British sprinter says it’s “crazy” as she goes No.6 on the UK all-time rankings after brilliant breakthrough semi-final run, while Laura Muir also progresses to 1500m showdown in Tokyo on Wednesday
Eight women broke 50 seconds in the women’s 400m semi-finals and one of them was Britain’s Jodie Williams, who cracked the barrier for the first time in her life to make the Olympic final and rise from No.15 to No.6 on the UK all-time rankings.
The high-quality tone was set in the first heat when Marileidy Paulino set a Dominican Republic record of 49.38 to win from Candice McLeod’s 49.51 as Roxana Gomez and US champion Quanera Hayes also broke 50 seconds, the latter two qualifying as the fastest losers for Friday’s final.
In seventh, Britain’s Ama Pipi ran 51.59.
Defending champion Shaunae Miller-Uibo looked strong, winning semi-final two in 49.60, with Williams chasing behind in 49.97, improving her PB of 50.94 by a huge chunk. Very much like Katharine Merry, Williams is a childhood prodigy who is eventually finding her niche over 400m, ironically at a similar age that Merry was when she won Olympic bronze at the Sydney Games.
Stephenie Ann McPherson of Jamaica won the third semi-final in 49.34 from Allyson Felix, the American clocking 49.89.
Williams said: “I’m so happy. It’s just sinking in when I was walking just then and I started crying! It’s been such a long journey and I needed to come here and make that final and I’m glad I’ve got that first part done. That’s the hardest part and, being in that final, anything can happen so you’ve got to be there to challenge for medals.”
On breaking 50 seconds, the 27-year-old added: “It’s crazy because three weeks ago I broke 51 for the first time. When I saw that first heat I saw all of those girls go 49 and I was like ‘you have no choice now’ and I ran for my life.
“It’s my first year running 400s. Before this year I’d only done four 400s so I took a risk on myself, bet on myself, backed myself to come here and get the job done at the risk of not doing my favourite event – the 200m – so I’m so glad I did that and put myself up there.
“I knew my potential over the 400m was something I could challenge for medals in, if I executed. The 200m, I haven’t managed to express myself properly in that event and I was getting frustrated. I just feel back to my old self. I used to come to champs and dominate heats and PB. I’m a championship performer and I feel so good to finally feel back to me!”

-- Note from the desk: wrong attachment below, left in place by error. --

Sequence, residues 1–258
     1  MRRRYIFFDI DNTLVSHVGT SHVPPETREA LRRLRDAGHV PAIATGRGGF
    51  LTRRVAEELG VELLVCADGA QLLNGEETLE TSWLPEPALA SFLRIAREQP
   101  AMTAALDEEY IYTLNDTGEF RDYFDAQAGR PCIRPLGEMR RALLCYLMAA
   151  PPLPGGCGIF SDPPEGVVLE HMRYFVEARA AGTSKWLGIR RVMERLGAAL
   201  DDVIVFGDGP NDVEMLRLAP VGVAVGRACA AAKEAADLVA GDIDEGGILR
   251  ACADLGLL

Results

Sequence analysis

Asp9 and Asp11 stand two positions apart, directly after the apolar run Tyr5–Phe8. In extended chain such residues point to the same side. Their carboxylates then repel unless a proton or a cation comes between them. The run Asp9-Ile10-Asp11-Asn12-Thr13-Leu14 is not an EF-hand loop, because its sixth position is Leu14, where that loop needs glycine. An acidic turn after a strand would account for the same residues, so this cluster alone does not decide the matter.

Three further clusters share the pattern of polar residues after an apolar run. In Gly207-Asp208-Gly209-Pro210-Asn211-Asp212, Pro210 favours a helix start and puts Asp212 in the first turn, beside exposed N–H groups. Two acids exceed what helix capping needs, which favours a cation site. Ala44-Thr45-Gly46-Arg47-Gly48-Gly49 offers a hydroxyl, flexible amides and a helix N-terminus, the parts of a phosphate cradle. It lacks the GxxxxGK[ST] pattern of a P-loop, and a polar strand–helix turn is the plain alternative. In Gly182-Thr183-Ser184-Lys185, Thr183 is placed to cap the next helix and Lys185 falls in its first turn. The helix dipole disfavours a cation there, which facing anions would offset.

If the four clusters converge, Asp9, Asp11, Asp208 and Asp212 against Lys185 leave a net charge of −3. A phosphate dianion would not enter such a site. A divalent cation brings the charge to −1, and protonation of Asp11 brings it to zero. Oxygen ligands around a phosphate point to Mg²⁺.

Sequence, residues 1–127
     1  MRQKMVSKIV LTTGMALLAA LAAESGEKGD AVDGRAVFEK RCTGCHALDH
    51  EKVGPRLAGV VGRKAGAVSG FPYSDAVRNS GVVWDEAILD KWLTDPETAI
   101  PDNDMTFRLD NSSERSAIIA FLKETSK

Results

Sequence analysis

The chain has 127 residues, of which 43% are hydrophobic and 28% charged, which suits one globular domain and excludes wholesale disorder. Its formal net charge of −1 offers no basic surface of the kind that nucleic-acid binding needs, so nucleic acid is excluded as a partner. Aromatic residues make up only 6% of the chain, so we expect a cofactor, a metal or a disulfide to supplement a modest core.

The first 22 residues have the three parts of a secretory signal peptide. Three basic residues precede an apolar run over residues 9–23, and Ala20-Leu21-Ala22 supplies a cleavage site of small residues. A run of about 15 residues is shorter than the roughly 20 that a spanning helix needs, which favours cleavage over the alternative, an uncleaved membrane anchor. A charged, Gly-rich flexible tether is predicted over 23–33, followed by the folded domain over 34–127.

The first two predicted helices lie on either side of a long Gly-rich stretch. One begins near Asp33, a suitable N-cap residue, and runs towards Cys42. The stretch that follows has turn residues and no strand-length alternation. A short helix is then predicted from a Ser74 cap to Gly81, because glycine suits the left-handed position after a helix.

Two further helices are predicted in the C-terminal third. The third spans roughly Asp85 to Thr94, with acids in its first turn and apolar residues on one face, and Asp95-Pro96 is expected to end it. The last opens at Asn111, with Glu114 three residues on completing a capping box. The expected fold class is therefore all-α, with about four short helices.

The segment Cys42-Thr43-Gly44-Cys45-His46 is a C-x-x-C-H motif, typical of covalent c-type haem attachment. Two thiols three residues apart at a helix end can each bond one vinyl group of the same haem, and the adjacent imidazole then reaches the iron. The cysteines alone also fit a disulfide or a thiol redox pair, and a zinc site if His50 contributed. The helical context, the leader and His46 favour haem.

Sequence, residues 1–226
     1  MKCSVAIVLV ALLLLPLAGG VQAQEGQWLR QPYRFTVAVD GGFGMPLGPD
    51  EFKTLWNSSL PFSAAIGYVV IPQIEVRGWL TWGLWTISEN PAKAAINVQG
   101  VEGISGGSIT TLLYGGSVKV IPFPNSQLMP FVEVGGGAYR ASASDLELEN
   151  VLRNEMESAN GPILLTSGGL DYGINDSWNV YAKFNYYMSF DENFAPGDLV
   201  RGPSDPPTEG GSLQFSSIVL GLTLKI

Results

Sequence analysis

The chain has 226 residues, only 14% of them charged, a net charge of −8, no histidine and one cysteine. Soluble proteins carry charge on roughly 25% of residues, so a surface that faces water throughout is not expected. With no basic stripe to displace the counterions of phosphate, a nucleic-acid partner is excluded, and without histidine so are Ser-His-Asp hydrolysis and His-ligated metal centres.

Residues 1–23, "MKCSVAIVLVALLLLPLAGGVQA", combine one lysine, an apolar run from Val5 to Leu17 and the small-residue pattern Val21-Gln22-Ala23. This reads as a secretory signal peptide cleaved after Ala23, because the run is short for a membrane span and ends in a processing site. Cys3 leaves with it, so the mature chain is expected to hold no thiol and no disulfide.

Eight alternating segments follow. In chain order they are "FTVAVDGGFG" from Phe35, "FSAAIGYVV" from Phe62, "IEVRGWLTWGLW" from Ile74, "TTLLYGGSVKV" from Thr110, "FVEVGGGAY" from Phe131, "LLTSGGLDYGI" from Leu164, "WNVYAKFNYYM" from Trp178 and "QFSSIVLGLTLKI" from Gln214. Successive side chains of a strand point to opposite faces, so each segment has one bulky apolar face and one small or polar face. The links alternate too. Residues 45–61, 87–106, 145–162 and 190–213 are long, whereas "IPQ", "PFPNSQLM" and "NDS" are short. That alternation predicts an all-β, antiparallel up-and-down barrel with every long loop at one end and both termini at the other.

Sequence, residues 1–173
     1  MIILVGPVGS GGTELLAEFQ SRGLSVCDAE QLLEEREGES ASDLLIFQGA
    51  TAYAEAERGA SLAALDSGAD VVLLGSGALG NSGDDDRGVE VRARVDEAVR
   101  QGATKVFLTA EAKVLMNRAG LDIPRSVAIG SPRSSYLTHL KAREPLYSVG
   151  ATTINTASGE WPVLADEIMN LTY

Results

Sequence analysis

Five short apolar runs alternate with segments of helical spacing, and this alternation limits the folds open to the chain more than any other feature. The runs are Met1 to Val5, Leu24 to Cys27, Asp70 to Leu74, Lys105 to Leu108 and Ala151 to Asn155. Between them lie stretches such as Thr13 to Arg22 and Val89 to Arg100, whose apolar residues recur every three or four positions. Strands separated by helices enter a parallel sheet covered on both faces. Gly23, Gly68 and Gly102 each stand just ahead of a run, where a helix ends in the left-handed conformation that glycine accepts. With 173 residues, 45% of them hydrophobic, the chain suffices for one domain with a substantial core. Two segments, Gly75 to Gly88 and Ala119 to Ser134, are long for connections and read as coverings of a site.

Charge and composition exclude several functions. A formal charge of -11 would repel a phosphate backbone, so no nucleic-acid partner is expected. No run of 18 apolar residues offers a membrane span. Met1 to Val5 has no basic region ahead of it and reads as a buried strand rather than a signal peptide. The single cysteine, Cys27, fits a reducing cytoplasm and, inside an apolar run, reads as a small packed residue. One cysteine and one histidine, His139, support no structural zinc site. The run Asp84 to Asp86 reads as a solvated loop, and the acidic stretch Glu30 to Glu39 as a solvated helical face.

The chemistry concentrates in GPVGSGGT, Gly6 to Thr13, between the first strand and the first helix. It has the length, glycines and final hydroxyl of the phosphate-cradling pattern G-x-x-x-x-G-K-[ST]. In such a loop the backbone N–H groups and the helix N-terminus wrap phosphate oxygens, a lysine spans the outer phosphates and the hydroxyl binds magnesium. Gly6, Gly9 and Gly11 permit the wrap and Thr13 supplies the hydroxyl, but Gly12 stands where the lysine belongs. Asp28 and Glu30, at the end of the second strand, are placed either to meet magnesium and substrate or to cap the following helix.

Her team-mate Pipi said: “This is my biggest competition and it’s the Olympic Games and it puts into perspective a lot of the things I need to do in training over the years to be hopefully back again in Paris. Now I’m going to focus on the relay and hopefully bring back a medal.”
As for Miller-Uibo, she said: “I have been going through a lot of injuries these past three days. I grabbed my hamstring on the bend yesterday, but it released up and it’s good. But I hurt my knee.
“We are battling through a lot right now, but we are getting through it. We have a day off, so hope to get some treatment and be ready for the finals. Once we are good and healthy, I think we are going to put on a great time in the finals.”
Women’s 1500m favourites through after remarkable semi-finals
In the history of the Olympic women’s 1500m, the fastest heat had been 4:01.03 but, extraordinarily, nine athletes bettered that mark in the semi-finals.
The previous fastest non-qualifying mark, including the World Championships, had been 4:03.60 and four athletes went faster in the two semis but failed to qualify. They included Britain’s Katie Snowden, though the new unwanted record holder is Canadian Lucia Stafford, who ran 4:02.12 in finishing sixth in the second semi-final.
The fast times in heat one were thanks to Japan’s Nozomi Tanaka, who ran an opening lap of 62.8 before slowing to 2:09.1 at 800m. Ethiopian Freweyni Gebreezibeher then took it on, passing 1000m in 2:40.8, the bell in 2:56.1 and 1200m in 3:11.5.
Defending champion Faith Kipyegon eased past on the last lap (which she covered in 60.6) to win in a quite remarkable 3:56.80, a time only bettered in three of the 12 Olympic finals.
Gebreezibeher was second in 3:57.54 , with Gabriela Debues-Stafford (3:58.28), Jessica Hull (Oceania record 3:58.81) and Tanaki (Japanese record 3:59.19) gaining the other automatic spots.
Elinor Purrier St.Pierre (4:01.00) and Kristiina Maki (Czech record 4:01.23) were some way back but, having run so fast, looked good bets for fastest losers spots.
Already knowing they were out despite running very fast times were Gaia Sabbatini (PB 4:02.25) and Snowden (4:02.93).
The Briton just missed her PB, set in the heats, and struggled a little on the last lap after such a fast pace, running 65.3 for her final circuit in finishing ninth. She had been slightly affected by an earlier fall in which Cory McGee and Winny Chebet had hit the floor around halfway.
The second heat was not quite at the same pace but did mean athletes were fresher on the last lap.
Linden Hall led the first 400m in 65.1 and was still ahead at 800m in 2:11.2, reaching the bell in 3:00.2 and 1200m in 3:15.5 as the pace picked up with Laura Muir well placed.
The European champion was ahead as they hit the straight but did not put up too much of a fight as 5000m champion Sifan Hassan eased by to win in 4:00.23.
The Dutch athlete had seemingly been disinterested on the opening laps and was 13th at 400m in 67.0 and at 800m in 2:13.3. Again she was to be found running deep in the pack, a tactic which had led to her falling heavily in her heat. Hassan ran a 59.3 last circuit compared to Muir’s 60.4.
Hall qualified easily enough with 4:01.37, as did Ugandan Winnie Nanyondo (4:01.64) and Spain’s Marta Perez (4:01.69 PB).